Posted by: gmscan | May 18, 2010

How I came to Christ

My family was Presbyterian when I was a child. I did the usual things – Sunday School, youth choir – but never paid much attention. I fell away as an adolescent, being more interested in girls and cigarettes than in religion.

Still, I loved the music and continued in choral singing for many years. I was in the choir in high school and a special group called the Madrigal Singers. Later I would join a community chorus that specialized in singing the Master Works – Requiems by Bach, Brahms, and Faure, Beethoven’s “Ode to Joy,” and of course, Handel’s “Messiah.”

I never had much doubt about the existence of God and felt the connection many times, especially in nature during walks in the woods or on the coast of Maine where I lived for a long time. The rustle of a breeze through the trees or the roar of waves breaking on the rocky coast would remind me that there is something wondrous around us.

I married a woman who grew up Catholic but she had fallen away from that tradition, too. We would take our kids to services at Easter and Christmas, but I never prayed, never read the Bible. Church was more of a cultural than a spiritual event.

I never doubted that religion was important, but it was never something that drew me. I always thought that it was something that required, or should require, more of a commitment than I was ready to make. I once met a minister who told me that I was a Christian if I smiled when the sun came up. That deeply offended me. I thought what kind of religion is that? Surely it must mean more than that. Surely it must demand more of believers than that.

After we divorced, my now ex-wife became more involved in the Church and sent our kids to Catholic schools. I decided to convert to Catholicism to be better in touch with what the kids were doing. I took the catechism classes, but even there it seemed more a cultural phenomenon and I was pretty disappointed.  It was mostly about ritual, and while that had an appeal, it was shallow. It didn’t demand much and didn’t expect much. Where was Eternity? Where was Salvation? Where was Jesus?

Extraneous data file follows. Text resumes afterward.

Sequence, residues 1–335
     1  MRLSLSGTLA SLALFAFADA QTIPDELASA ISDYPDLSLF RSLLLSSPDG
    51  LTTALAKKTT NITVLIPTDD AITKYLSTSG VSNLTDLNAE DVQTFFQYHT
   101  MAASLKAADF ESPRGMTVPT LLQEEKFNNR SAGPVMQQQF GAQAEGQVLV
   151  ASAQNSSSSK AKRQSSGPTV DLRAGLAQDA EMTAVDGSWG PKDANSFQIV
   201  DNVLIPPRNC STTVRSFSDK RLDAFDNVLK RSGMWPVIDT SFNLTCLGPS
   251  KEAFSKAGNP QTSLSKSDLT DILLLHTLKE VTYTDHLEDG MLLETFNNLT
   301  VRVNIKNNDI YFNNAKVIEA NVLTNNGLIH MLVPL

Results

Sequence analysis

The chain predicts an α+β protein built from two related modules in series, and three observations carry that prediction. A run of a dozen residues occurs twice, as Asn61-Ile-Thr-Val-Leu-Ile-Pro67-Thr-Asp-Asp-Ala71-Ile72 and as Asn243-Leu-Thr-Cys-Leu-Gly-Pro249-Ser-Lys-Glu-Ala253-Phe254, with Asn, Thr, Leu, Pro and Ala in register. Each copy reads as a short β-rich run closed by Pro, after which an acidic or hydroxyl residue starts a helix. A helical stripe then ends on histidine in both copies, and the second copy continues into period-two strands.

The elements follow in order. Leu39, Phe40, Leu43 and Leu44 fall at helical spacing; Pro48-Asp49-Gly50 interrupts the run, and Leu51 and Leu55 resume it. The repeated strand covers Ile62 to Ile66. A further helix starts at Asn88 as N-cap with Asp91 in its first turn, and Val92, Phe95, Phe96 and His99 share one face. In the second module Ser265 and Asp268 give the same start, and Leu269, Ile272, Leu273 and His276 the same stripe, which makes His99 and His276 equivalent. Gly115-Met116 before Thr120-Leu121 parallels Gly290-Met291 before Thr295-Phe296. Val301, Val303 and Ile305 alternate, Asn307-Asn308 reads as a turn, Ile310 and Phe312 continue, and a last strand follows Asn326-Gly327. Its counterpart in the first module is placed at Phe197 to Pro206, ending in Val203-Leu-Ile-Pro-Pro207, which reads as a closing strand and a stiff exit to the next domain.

These milquetoast approaches to Christianity seemed insipid to me. They were bland incantations designed not to offend anyone.

On the other hand, I was also afraid of Bible thumpers and slick TV preachers. They all seemed too sure of themselves and too ready to condemn or exploit people who were unsure. When I married again my job was to find a minister to do the ceremony. I was terrified of calling preachers in the phone book. I was afraid they would decide to convert us and make our lives miserable until we came around to their particular vision. We ended up with a Unitarian. I figured that was safe because they don’t believe in much and don’t much care what anyone else believes, either.

So I was torn between fear of fundamentalists on one hand and scorn of the wishy-washy mainstream religions on the other.

Yet, I had a sense that something was missing in my life. I was professionally accomplished, and very happily married. I was earning decent money. Our material needs were comfortably met. We were healthy. We had friends and involved in our grandson. I was approaching retirement and looking forward to spending more time in my community and reading all the books I never had time for before.

It was these books that woke me up. But it wasn’t really the books. They were just the way God found to get through to me. It was a constant tapping on the shoulder. I guess I’m not a very quick learner because it took quite a while and a whole lot of books.

——

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Responses

  1. Excellent Greg!

    GOD bless your effort. GOD bless America.

    I believe/know you are right.

  2. I accepted Christ as savior as a small child and had the privilege of being raised in a Christian home with parents who walked the walk at Church, but, more importantly, at home. Though I have taught Sunday School and sung in church choir my whole life, my husband and I look forward to weekly Bible studies where we dig deeper into God’s word. It is his living word and there are new revelations daily. Jesus said, “I am the way the truth and the life.” I am always pleased when someone finds Christ and discovers a new life and purpose. May you enjoy the journey. With much respect and admiration. Beverly

  3. Greg:
    I am glad you have taken up this project.
    I, too, am “torn between fear of fundamentalists on one hand and scorn of the wishy-washy mainstream religions on the other.”
    I was raised Jewish, but found little meaning other than a way to accumulate friends.
    I came back to Judaism via studying the New Testament and joining a Unitarian Universalist Congregation.
    After going to “church” on Sundays a few months, I felt a tinge of Jewish guilt.
    Thus, I started regularly attending a liberal (reform) synagogue.
    That was back in 1999.
    For the last 3 years, I have been attending an orthodox synagogue, Chabad, which is a mystical form of Judaism.
    Combining the orthodox, fundamentalist type of Judaism with Unitarian Universalism has been a wonderful blend for me.
    It keeps the two “balanced” in my opinion.
    I also have a great deal of respect for Christianity, but I have more theologocal problems with it than I do with Judaism.
    Shalom,
    Don Levit


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